Experts share their point of view on franchisee satisfaction | 2021 Restaurant Franchise and Innovation Summit

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One of the main challenges for franchisors is keeping franchisees engaged, happy, and aligned with brand goals. Experts offered tips and best practices to achieve this at the recent Restaurant Franchising and Innovation Summit hosted by Networld Media Group.

Setting up and running a franchise system involves partnering with good franchisees and, as the brand grows, keeping franchisees happy, engaged and committed to the strategy and philosophy of the company. Mark.

And while it may seem easy – after all, franchisees want to make money just like the franchise owner – keeping franchise partners happy takes work, constant attention, and a plan.

Several franchise brands shared their take on how to do just that during a panel discussion at the recent Restaurant franchise and innovation summit sponsored by Networld Media Group.

The event is one of a number of foodservice and tech industry events hosted by Networld Media Group. The next event is a virtual event, #QSRNext, which will take place on November 9.

The panel, “Keeping Your Franchisees Healthy, Happy and Organized,” which was moderated by Restaurant Marketing Consultant Stacey Kane, was sponsored by Leasecake, which provides an operating system for location management.

Panelists included Brian Dixon, director of real estate at Team Oney, a Papa John’s franchisee, Starbucks and Qdoba; Brian Loescher, COO at Golden Chick; John Ramsay, vice president of franchise sales at Noodles & Company and Jim Thompson, vice president of operations at Chicken Salad Chick.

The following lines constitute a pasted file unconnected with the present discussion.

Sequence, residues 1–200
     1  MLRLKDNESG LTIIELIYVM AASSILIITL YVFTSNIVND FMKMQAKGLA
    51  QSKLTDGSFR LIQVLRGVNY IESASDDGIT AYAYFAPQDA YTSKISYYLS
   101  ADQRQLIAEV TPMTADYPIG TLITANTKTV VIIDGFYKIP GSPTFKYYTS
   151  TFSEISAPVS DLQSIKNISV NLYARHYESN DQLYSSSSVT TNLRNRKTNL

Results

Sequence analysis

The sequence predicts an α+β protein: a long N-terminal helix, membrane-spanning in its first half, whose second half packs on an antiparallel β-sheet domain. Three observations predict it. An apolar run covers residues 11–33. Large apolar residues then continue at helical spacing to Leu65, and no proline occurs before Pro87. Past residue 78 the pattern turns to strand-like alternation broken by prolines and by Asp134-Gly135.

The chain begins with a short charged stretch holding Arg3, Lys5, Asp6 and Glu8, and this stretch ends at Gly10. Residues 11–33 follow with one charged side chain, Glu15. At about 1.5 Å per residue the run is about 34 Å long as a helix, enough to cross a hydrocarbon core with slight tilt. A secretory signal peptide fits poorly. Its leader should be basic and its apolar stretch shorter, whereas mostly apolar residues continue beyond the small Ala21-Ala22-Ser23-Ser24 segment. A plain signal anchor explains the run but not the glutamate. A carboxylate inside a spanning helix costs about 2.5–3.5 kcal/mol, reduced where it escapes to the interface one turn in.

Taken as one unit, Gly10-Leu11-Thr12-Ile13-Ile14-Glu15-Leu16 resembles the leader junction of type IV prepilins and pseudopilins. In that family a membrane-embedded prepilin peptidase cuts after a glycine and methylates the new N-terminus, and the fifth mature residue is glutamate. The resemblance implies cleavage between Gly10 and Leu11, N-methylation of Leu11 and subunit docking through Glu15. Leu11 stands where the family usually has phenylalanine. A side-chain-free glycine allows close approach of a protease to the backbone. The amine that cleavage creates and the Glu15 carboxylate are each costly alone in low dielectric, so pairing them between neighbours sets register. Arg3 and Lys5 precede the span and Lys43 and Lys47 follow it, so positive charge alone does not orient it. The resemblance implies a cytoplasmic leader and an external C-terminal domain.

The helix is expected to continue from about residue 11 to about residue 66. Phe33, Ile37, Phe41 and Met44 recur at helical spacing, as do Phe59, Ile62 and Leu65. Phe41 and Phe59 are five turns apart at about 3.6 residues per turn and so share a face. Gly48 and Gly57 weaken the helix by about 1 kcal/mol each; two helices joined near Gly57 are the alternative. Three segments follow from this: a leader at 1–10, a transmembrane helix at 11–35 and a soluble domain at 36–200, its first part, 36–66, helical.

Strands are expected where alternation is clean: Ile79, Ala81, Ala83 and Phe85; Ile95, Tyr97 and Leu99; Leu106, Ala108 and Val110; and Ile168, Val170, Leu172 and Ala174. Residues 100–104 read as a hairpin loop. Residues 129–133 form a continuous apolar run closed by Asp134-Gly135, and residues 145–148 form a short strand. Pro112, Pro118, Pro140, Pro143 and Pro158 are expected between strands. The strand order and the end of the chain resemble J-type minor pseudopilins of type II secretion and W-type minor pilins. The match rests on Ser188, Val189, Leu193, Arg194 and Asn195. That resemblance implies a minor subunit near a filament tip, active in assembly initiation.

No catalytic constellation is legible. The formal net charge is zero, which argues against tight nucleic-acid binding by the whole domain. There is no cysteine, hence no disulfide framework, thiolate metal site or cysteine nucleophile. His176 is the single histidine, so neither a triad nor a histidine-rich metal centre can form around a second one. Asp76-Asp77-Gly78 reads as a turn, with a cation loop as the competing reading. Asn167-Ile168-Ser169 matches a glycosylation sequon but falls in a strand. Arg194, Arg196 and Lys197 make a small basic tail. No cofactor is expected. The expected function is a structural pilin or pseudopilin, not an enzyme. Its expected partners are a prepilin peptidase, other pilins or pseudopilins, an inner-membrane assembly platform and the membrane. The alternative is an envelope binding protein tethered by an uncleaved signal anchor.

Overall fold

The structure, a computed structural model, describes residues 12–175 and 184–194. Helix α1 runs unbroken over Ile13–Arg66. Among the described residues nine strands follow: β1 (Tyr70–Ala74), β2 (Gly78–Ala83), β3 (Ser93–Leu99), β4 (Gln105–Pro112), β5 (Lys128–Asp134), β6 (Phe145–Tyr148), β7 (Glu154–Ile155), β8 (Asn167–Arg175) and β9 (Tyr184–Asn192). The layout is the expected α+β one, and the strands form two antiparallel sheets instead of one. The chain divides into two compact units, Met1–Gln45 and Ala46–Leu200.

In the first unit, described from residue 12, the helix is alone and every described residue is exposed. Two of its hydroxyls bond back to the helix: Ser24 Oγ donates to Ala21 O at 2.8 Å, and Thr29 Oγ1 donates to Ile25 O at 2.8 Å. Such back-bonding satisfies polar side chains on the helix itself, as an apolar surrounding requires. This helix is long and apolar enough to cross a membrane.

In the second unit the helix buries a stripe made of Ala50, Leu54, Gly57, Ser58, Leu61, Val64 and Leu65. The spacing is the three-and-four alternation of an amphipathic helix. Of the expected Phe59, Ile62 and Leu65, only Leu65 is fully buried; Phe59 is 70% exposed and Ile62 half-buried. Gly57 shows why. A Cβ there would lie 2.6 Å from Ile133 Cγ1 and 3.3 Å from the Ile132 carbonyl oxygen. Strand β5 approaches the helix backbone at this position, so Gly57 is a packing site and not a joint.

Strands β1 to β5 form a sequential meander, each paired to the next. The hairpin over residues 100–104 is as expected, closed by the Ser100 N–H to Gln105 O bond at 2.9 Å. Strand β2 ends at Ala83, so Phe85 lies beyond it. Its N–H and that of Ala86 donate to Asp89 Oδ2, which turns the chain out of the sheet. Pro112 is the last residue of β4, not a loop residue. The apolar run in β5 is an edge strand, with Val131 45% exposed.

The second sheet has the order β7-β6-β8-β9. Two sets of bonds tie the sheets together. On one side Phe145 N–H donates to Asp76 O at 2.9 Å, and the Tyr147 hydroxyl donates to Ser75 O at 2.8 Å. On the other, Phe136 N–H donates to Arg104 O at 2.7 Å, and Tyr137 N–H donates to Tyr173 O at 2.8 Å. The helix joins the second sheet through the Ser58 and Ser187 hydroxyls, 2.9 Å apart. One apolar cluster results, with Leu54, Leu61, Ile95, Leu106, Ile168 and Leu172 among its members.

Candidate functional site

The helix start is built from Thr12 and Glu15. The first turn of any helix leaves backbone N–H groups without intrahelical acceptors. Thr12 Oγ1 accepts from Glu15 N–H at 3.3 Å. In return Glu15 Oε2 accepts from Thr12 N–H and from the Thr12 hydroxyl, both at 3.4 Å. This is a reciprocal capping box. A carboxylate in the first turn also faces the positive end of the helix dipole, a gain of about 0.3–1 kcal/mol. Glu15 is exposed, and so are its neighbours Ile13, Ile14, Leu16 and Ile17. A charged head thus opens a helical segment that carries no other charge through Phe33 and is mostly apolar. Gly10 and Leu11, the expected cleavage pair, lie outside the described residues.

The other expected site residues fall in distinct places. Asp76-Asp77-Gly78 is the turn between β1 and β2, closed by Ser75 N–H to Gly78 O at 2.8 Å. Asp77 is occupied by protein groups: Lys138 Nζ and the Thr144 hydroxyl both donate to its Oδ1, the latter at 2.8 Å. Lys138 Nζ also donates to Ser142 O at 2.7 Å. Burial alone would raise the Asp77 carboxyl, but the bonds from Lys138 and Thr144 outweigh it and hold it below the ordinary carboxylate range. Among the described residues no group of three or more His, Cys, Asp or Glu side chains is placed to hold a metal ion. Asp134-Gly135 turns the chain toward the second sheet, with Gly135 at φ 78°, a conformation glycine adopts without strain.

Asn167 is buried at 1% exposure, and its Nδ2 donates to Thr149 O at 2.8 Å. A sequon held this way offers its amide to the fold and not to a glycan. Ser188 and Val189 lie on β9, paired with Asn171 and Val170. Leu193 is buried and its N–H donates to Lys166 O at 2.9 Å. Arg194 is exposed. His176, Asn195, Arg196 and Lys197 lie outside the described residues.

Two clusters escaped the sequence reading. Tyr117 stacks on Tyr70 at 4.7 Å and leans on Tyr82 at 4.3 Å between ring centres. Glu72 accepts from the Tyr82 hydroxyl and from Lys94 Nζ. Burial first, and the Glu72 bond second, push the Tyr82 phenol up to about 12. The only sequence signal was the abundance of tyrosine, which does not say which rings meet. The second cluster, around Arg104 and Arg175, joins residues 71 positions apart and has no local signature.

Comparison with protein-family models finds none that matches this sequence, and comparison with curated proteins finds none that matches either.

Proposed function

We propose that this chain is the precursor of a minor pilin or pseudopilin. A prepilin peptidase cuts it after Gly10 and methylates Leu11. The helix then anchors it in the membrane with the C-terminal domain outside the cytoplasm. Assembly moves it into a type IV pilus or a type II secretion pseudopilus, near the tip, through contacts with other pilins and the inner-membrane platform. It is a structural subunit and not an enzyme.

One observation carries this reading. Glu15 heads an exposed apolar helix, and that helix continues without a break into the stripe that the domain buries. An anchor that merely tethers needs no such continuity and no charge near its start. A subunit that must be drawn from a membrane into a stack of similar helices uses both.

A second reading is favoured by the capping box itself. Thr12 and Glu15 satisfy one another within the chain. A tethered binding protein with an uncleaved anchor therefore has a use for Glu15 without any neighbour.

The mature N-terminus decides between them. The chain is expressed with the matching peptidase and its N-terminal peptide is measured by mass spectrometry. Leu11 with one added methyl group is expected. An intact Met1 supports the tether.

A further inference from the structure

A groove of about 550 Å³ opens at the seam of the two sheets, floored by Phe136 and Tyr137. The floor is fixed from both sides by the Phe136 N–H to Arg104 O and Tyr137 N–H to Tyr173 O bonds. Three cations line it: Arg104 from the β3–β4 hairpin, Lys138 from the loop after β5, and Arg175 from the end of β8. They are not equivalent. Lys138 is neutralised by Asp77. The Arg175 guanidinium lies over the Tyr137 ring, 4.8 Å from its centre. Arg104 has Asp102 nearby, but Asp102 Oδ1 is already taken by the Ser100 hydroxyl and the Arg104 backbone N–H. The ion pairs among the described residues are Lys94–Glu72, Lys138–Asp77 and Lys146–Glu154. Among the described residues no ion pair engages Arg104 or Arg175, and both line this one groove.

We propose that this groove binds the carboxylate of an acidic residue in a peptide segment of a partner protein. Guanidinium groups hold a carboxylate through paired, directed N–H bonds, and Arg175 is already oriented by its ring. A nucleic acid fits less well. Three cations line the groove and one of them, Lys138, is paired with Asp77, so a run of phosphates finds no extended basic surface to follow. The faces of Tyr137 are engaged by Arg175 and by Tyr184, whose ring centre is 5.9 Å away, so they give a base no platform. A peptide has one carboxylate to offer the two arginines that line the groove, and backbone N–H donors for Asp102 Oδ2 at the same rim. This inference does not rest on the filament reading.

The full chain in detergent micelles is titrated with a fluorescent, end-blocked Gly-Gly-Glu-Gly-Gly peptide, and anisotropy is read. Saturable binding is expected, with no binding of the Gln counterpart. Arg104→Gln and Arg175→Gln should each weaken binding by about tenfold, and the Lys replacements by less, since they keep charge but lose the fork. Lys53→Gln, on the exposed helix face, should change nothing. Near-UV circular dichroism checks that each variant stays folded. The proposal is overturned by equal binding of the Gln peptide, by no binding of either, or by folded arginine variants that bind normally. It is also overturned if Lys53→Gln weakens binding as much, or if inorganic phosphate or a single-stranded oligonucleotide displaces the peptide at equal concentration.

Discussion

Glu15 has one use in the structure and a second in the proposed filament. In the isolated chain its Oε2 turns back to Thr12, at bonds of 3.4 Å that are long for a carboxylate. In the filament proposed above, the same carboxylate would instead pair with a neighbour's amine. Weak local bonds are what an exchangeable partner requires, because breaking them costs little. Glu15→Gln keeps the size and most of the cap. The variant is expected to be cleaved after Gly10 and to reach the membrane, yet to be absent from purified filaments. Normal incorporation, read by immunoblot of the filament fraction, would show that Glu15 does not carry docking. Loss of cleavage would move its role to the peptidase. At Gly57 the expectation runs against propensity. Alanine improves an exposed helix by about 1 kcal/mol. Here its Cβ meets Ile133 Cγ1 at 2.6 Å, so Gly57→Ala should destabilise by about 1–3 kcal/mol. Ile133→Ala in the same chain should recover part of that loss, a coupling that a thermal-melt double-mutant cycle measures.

Connection with the franchisee

At Golden Chick, the franchisor-franchisee relationship includes a “discovery day” where franchisees meet all the department’s heads of department, are assigned a project manager to support them in all phases of construction and a director for them. support in recruitment and training.

“We will assign a full training team of four to a new franchisee for seven days before opening and seven days after with training,” said Loescher.

At Chicken Salad Chick, the goal is to provide franchisees with as much information as possible, Thompson said, noting that the “relationship” begins in the franchise sales process when the franchise development team establishes the franchise. relationship.

“Once we are in the process of opening a new restaurant, about 10 weeks after the store opens, they have access to shared information and a project manager has a weekly call with (the) franchisee, then business consultants get involved for six weeks to make sure the human components are underway, ”he said.

At Team Oney, the brand uses Leasecake technology because franchisees will use the tool. In fact, the brand plans to incorporate the technology into future franchise agreements. The system, Dixon said, allows the brand to disseminate information at the same time the brand obtains information.